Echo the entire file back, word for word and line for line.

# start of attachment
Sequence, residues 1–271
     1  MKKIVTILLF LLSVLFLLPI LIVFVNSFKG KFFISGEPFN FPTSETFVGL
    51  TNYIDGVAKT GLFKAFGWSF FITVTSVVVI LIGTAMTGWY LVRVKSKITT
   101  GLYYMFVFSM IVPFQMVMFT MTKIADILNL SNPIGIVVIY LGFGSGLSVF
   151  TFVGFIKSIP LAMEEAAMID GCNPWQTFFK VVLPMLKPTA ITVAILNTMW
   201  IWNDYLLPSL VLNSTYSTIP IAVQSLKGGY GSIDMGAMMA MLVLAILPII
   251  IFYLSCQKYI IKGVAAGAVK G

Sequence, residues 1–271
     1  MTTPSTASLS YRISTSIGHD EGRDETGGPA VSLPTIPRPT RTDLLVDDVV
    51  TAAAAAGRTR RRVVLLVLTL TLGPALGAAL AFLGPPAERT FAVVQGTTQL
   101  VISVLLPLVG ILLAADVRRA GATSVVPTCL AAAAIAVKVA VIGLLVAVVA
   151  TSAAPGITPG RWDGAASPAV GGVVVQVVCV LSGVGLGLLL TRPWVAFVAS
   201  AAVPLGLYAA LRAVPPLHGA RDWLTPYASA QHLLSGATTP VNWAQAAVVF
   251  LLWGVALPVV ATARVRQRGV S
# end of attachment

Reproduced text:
Sequence, residues 1–271
     1  MKKIVTILLF LLSVLFLLPI LIVFVNSFKG KFFISGEPFN FPTSETFVGL
    51  TNYIDGVAKT GLFKAFGWSF FITVTSVVVI LIGTAMTGWY LVRVKSKITT
   101  GLYYMFVFSM IVPFQMVMFT MTKIADILNL SNPIGIVVIY LGFGSGLSVF
   151  TFVGFIKSIP LAMEEAAMID GCNPWQTFFK VVLPMLKPTA ITVAILNTMW
   201  IWNDYLLPSL VLNSTYSTIP IAVQSLKGGY GSIDMGAMMA MLVLAILPII
   251  IFYLSCQKYI IKGVAAGAVK G

Sequence, residues 1–271
     1  MTTPSTASLS YRISTSIGHD EGRDETGGPA VSLPTIPRPT RTDLLVDDVV
    51  TAAAAAGRTR RRVVLLVLTL TLGPALGAAL AFLGPPAERT FAVVQGTTQL
   101  VISVLLPLVG ILLAADVRRA GATSVVPTCL AAAAIAVKVA VIGLLVAVVA
   151  TSAAPGITPG RWDGAASPAV GGVVVQVVCV LSGVGLGLLL TRPWVAFVAS
   201  AAVPLGLYAA LRAVPPLHGA RDWLTPYASA QHLLSGATTP VNWAQAAVVF
   251  LLWGVALPVV ATARVRQRGV S